Thursday, 20 June 2013

Pinnies & Petticoats Snappers Delight

We had a special guest at this month's Pinnies & Petticoats Aberdeen Baking Club. Photographer Andi Ramsay of Developing Perceptions. He was there to talk food photography and give us some top tips to help us better preserve our wonderful baked creations before they are devoured. With this in mind there was no theme for the bakes but left up to the individual to make something worthy of its own photoshoot.

I opted to make some Summer Fruit Tartlets utilising a Mini Morsel Tin and wooden dibber that I had purchased back in the January sale from Lakeland. It had embarrassingly been sitting in the cupboard ever since. Combined with my first attempts at both Pâte à Fonce and Crème Patissière I was pretty chuffed with how well they turned out.

Asparagus & Cheese Puffs. Sweet Potato Pasties
Now that I've told you that we had a food photographer giving us hints and tips you'll no doubt be closely scrutinising my pics. I'll put my hands up and admit they are by no stretch of the imagination good and don't do the food the justice it deserves. Hopefully I can improve them a wee bit thanks to Andi's advice. Our cake club venue at Tiger Tiger certainly doesn't make a good studio. The dark backroom bar of a nightclub is not the best setting for food photography. Not a drop of natural daylight to be found.
As always a fantastic selection of cakes and bakes and a really good turnout of folk. New faces and old faithfulls. I know I haven't got photos of everything and I don't know exactly what they all are (apart from delicious) so hopefully the pictures will tell the story and for this post I'll concentrate on sharing some pearls of food photography wisdom. Star Baker Award has to go to Karen for her selection of Childhood Favourite Biscuits and a special mention to Colene who's giant white chocolate cupcake case was demolished by Boy and Girl for breakfast the morning after.
Many of us put a lot of time and effort into our cooking and baking but are disappointed when we try to capture our creations on camera. So often the photo just doesn't convey how good something looks in real life. I bet many of you are nodding along in agreement with this. I know I was.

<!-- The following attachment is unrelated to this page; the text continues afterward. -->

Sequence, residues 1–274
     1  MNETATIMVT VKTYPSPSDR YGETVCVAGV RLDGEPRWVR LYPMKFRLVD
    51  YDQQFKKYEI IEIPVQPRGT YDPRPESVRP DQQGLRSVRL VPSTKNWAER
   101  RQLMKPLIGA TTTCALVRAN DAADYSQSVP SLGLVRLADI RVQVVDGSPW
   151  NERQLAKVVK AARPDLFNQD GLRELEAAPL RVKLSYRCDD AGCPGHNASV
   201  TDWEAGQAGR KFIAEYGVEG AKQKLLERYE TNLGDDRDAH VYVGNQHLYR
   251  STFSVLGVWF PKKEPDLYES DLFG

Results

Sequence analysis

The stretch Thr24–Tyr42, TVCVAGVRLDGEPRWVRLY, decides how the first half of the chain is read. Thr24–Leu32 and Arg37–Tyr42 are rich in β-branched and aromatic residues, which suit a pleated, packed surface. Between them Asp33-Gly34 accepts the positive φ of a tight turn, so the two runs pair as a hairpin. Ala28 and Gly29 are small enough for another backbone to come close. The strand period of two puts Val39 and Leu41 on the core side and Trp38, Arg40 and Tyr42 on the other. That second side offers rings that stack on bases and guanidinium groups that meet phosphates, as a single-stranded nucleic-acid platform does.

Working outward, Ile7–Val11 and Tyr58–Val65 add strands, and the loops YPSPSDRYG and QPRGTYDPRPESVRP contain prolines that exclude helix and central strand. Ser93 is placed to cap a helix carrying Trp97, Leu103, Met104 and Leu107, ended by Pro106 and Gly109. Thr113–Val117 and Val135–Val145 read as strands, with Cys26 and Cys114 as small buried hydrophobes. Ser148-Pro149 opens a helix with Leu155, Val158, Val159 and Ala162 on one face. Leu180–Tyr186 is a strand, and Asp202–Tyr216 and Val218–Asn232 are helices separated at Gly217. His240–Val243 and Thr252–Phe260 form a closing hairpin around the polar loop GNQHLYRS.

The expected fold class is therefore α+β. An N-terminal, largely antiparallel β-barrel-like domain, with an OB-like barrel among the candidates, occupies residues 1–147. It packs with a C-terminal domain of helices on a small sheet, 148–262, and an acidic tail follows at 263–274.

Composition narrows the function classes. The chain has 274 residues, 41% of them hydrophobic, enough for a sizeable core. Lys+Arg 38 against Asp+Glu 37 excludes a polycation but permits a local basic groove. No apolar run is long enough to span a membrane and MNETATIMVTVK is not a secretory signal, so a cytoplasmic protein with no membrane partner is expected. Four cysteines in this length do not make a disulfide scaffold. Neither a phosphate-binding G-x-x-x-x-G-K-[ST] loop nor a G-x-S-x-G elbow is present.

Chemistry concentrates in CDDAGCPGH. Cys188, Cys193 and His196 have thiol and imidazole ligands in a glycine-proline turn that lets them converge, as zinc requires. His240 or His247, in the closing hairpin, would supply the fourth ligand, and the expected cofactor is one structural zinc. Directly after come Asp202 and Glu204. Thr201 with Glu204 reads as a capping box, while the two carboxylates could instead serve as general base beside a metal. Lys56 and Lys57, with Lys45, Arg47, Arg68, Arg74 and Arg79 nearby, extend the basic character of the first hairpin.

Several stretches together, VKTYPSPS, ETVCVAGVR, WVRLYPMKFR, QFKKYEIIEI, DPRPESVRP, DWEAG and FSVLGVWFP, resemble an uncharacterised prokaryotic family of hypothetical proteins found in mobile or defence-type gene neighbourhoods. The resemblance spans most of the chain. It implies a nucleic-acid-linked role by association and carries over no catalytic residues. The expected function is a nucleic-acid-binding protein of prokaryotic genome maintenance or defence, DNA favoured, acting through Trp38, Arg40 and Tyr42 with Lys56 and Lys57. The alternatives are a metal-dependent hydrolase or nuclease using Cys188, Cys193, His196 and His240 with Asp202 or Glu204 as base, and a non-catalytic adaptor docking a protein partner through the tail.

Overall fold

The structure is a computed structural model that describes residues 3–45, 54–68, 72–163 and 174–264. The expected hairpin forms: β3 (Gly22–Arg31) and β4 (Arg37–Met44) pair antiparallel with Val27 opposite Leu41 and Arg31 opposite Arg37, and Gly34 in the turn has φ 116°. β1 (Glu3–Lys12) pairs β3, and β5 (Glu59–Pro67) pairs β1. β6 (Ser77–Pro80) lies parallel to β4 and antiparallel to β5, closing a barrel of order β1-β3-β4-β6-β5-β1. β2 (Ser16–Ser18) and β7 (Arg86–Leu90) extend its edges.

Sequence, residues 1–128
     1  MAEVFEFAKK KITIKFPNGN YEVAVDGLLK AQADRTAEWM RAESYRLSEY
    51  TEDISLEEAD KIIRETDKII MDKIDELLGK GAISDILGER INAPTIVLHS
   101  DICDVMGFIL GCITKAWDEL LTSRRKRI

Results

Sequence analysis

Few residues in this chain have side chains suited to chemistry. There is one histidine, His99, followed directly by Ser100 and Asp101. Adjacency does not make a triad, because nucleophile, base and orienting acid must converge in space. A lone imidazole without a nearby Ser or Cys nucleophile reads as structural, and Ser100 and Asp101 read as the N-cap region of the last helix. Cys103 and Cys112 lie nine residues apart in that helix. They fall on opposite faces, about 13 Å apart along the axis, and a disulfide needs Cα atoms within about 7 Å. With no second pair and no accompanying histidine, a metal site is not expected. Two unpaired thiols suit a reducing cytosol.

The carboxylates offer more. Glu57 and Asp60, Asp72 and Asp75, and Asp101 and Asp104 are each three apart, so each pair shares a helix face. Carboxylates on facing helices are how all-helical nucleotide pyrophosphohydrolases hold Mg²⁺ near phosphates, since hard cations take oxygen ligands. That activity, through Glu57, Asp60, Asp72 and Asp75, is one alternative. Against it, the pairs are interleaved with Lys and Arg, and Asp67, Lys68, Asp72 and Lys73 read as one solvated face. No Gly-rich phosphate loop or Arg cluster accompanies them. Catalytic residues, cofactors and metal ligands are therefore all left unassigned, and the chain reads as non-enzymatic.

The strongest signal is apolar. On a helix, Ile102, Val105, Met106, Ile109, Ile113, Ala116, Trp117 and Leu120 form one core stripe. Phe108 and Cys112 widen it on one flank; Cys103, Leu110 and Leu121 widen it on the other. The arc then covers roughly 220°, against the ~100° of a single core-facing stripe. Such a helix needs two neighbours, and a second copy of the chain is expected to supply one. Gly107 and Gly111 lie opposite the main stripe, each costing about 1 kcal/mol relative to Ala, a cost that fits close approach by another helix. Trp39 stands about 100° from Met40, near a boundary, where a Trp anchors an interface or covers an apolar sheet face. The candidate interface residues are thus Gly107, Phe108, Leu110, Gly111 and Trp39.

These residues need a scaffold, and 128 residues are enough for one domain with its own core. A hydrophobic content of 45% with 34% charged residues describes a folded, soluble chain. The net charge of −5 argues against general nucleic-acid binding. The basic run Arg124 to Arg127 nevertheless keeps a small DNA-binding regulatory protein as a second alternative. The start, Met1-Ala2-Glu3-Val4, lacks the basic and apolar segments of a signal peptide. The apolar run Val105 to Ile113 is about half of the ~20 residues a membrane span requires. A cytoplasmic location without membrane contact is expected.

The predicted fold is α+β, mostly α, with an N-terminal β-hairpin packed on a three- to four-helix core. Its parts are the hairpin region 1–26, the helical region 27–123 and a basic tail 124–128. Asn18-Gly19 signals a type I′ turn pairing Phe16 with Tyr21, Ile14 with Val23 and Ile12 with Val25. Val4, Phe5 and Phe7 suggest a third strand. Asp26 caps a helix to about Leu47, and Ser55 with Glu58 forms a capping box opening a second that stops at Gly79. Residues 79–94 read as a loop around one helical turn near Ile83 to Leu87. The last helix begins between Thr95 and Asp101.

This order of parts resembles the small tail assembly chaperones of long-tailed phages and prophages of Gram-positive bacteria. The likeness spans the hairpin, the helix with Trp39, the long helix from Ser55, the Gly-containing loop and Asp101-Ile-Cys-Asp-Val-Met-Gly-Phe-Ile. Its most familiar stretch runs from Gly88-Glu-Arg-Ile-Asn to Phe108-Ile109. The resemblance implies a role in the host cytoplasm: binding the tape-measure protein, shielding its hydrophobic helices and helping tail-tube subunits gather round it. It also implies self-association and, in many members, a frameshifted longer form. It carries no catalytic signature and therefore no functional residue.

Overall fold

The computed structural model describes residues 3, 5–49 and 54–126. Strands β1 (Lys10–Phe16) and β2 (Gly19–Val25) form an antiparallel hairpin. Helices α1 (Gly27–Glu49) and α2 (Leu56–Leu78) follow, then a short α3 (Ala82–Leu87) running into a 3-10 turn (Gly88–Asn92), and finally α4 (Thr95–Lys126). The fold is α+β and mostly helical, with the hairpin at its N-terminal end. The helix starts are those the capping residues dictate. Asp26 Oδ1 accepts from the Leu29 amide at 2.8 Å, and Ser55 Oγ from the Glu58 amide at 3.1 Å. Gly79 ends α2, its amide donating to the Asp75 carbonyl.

Whilst Instagraming and quick iPhone photos for Twitter and Facebook do indeed have their place, Andi explained that there is a huge difference between taking a photograph and making a photograph. A good food photograph has to tell a story. There should be one main subject and you have to think your shot, composition and accessories through. Move things around and play about a bit to make that perfect picture.
Food photographs should be backlit with natural light. A kitchen window can do this for you. Then comes the issue of quantity versus quality. A bounce board (or sheet of white paper/foam core) can help solve this and fill in the shadows. To get a good composition you need to fill the frame and ensure that the most prominent item is in focus. Don't feel obligated to include the whole dish in the shot and remove superfluous objects from the background.
Next up, the rule of thirds. Like the offside rule this is a concept that some of us found very difficult to get our heads around. Think of a noughts and crosses grid across your viewfinder dividing it into nine equal squares. The focal point of the shot should align itself with one of the central four intersections. Clear as mud eh? Have a Google to find out more. Your camera may well have an option available to turn on said gridlines.

Stability is the key. If you don't have a tripod balance your camera on whatever is available. A stack of books, kitchen worktop, pepper grinder in a restaurant. The food ain't going anywhere so as long as the camera is stable the shot shouldn't be blurry. Finally when you think you have the perfect photo in the bag, if you don’t have an overwhelming urge to lick the back of your camera, then you’re not there yet.
Are you licking the screen yet? Yup its one of Andi's. As is the iced gingerbread below. I've got a lot to learn to get to the licking stage. Meanwhile I'm off to Hobbycraft to get me some white foam core board. I guess I might be forming an orderly queue behind the rest of the Pinnies and Petticoats contingent.  

Andi Ramsay Developing Perceptions

1 comment :

  1. Great tips! I wish there were groups like that up here in Shetland! I'm learning all my tips from fellow bloggers like you! I've got a piece of white card I use to reflect light and as a backdrop. However, I managed to get butter right in the middle of it so I have to Photoshop it out of every photo (note to self: get new board!). :)

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